ETHEL — A lot of people, perhaps most, fit into fairly neat categories. Ray Sibley is not one of them.
He’s a high school dropout with multiple college degrees, a welder and a poet, a hunter and a costume maker, a horseman and a schoolteacher. His house is filled with arrowheads, and there is a theatrical stage in his backyard on which he has directed Shakespearean plays.
Thrice married and thrice divorced, Sibley lives on a rural road in a 19th-century house almost entirely hidden by wild azaleas.
Elsewhere, dewberries and blackberries grow in bunches, and he doesn’t waste their bounty.
“I love blackberry jelly,” Sibley said. “Nothing better with deer meat.”
Sibley, 65, does things his way. And he always has.
As a child, his family moved from Cameron Parish to Washington state following his father’s teaching career until his parents divorced, and he lived with his mother in Baker and Baton Rouge. He was a sophomore when he quit attending Istrouma High School in 1968.
“I liked school. I was good in school,” he said. “I just had problems with them and the way they were conservative about hair and dress. I wanted to be a hippie in a bad way. At Istrouma back then, everybody had mohawks.”
His mom kicked him out of the house, and he ended up living and working for an uncle in Florida until he followed a friend’s example and joined another organization that frowns on creative hairstyles — the Navy.
The Vietnam War was in full swing, so he had plenty of work making bombs. That did not lead to civilian employment when he was discharged, but Sibley used military educational benefits to learn welding.
After several years working in California, he brought his first wife to Louisiana to see where he grew up, including Ethel, where he lived with grandparents in the summer.
“It was nothing but gravel roads,” Sibley said. “Everybody had outhouses. It was country back then.”
As opposed to the cosmopolitan Ethel of today. He decided to stay.
Sibley bought the house in 1980 without telling his wife, and got her a horse to make it up to her. These were boom times in the oil industry.
“I was making money hand-over-fist in 1980-81. It was good,” he said. “I’d be welding in that shipyard. … I made a quarter million the first year in four months. I’d never made money like that.”
Nor would he again. Oil prices plummeted, and jobs like Sibley’s dried up.
The financial hardship helped end his marriage and started him thinking about a new career.
After doing some substitute teaching, he got an education degree at LSU.
He shoed horses — a skill he learned with his wife’s horse — to help pay his way through school.
“I like middle school. You can fire those kids up,” he said. “You can build submarines with those kids if you get them going in the right direction. They don’t think they know anything, yet. Elementary kids, too much like babysitting, though I kind of like fifth grade. High school, they think they know everything.”
Sibley just kept on learning. He got interested in poetry slams. He went on to graduate school and earned a master’s degree in speech communication and a doctorate in literature.
He has taught at Broadmoor Middle School and created theater programs at West Feliciana, Baton Rouge Magnet and McKinley high schools. He still teaches at McKinley.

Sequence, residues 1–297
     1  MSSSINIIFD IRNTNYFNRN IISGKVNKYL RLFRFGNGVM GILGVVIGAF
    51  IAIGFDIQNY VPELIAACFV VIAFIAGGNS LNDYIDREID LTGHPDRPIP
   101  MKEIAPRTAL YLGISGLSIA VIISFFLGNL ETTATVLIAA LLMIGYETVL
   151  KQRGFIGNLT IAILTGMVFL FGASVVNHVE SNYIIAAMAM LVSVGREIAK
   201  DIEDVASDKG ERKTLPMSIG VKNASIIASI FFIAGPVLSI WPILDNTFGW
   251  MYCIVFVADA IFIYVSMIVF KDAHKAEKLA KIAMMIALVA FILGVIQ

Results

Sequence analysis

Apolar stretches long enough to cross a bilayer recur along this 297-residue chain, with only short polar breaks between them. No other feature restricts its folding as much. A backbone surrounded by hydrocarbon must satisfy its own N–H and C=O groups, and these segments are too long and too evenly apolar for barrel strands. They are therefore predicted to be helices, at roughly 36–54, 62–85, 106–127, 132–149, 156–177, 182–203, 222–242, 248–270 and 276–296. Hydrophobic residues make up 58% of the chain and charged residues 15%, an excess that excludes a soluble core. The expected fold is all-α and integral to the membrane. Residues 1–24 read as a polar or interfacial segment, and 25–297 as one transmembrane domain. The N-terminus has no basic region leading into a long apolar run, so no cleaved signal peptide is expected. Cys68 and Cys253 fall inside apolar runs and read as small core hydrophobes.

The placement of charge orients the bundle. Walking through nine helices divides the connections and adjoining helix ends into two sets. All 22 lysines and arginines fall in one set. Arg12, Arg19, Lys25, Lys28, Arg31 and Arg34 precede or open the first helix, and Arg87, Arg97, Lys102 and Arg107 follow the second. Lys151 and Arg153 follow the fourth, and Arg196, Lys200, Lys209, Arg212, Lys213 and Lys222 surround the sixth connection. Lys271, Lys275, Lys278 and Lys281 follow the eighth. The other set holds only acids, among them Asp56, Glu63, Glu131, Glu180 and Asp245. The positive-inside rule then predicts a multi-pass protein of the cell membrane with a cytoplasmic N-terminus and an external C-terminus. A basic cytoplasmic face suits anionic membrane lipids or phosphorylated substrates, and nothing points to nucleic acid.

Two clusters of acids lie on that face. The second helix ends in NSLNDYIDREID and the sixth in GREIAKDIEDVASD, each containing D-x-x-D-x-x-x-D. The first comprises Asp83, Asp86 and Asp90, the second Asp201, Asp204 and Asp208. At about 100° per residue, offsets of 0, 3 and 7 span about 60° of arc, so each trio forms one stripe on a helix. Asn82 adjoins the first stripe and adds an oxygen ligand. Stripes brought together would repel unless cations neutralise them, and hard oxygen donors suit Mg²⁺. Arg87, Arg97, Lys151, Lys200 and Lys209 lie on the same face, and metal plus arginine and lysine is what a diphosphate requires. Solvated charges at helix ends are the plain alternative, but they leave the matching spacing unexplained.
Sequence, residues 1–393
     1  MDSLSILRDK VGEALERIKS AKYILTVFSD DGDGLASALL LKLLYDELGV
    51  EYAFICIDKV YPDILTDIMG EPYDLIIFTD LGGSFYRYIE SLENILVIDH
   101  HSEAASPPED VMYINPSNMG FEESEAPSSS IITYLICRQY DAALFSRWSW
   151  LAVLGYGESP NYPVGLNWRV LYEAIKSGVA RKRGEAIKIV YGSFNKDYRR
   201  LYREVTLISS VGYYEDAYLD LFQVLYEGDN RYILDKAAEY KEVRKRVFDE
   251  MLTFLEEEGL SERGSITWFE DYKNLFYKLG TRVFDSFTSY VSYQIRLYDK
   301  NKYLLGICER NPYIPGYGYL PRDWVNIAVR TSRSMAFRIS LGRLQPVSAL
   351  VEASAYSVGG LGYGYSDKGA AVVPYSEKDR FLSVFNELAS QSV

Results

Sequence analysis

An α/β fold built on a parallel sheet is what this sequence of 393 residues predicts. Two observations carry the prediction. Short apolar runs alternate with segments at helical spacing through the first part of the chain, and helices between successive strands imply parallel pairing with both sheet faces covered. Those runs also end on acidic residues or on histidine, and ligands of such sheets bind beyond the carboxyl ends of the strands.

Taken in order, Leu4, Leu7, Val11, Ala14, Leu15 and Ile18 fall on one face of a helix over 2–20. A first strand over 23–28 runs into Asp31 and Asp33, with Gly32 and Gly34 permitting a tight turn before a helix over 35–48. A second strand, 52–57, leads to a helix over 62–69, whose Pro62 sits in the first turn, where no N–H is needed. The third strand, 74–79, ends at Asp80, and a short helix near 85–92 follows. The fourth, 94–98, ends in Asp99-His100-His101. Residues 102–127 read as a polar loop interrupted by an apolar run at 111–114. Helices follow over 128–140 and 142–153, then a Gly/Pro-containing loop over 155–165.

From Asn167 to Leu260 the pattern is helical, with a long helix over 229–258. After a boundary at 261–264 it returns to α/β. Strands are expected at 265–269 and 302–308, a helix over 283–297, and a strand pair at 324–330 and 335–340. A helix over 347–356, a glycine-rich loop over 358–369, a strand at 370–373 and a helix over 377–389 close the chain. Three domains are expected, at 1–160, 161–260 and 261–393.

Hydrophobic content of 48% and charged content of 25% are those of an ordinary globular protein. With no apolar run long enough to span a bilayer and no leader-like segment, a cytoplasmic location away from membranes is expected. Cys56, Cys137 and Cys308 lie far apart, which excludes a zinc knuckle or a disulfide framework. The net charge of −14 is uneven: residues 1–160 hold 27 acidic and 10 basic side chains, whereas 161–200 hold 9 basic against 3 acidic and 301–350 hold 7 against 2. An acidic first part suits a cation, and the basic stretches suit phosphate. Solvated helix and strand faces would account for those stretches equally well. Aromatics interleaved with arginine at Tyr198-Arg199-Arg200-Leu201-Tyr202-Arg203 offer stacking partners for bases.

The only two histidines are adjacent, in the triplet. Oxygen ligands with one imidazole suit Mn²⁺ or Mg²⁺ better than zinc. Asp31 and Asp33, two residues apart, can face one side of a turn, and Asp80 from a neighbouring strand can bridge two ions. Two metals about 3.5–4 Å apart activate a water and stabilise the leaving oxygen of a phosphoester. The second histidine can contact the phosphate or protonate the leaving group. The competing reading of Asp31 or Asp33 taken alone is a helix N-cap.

Never one to do things halfway, he built a stage in his backyard, adding a grassy slope for spectators. His welding skills came in handy for putting together the steel frame.
He has staged six of Shakespeare’s plays there, for which he sewed the costumes. He calls his company Moonlark Productions.
“This thing is built like a battleship,” Sibley said. “I used to tease everybody if there ever comes a big flood, I’m going to cut the legs off, flip the thing upside down and sail away. You can drive a truck up on that stage, and I have before.”
It’s been several years since he’s staged a play there, but Sibley has been busy with other things.
Having smoked for 50 years — beginning at 13 — he was diagnosed with throat cancer two years ago. In his living room hangs the frame that kept him motionless so he could receive the radiation treatments that now have him cancer-free.
“Whenever I feel like I want a cigarette, I come look at that thing,” he said. “That’s how they bolted me to that damn table to do that radiation. That was the most frightening thing in the world.”
Another pastime has overtaken Sibley’s attention. For many years, he has collected arrowheads he found in the Felicianas, and some in his collection he believes are about 10,000 years old. But he also learned the art of flint-knapping, using physical pressure to turn rocks into arrowheads and blades.
Just about every night, Sibley heads to his back porch and goes to work on rocks he’s found, many of which he’s heated in a kiln to make them more brittle and glossy.
He strikes the rock with a piece of deer antler to create a rough outline, then uses copper to press away flakes until he gets the desired shape and sharpness.
Sibley has turned some of the arrowheads into jewelry, working strands of silver or gold onto them.
After he retires in 2017 from teaching, Sibley plans to take a trip searching for better rocks than are found in Louisiana. He figures he can cover the cost of the trip by shoeing horses.
“Put a sign up and people will wave you down,” he said. “It’s hard to find horse-shoers anymore.”
It’s hard to find anyone like Ray Sibley.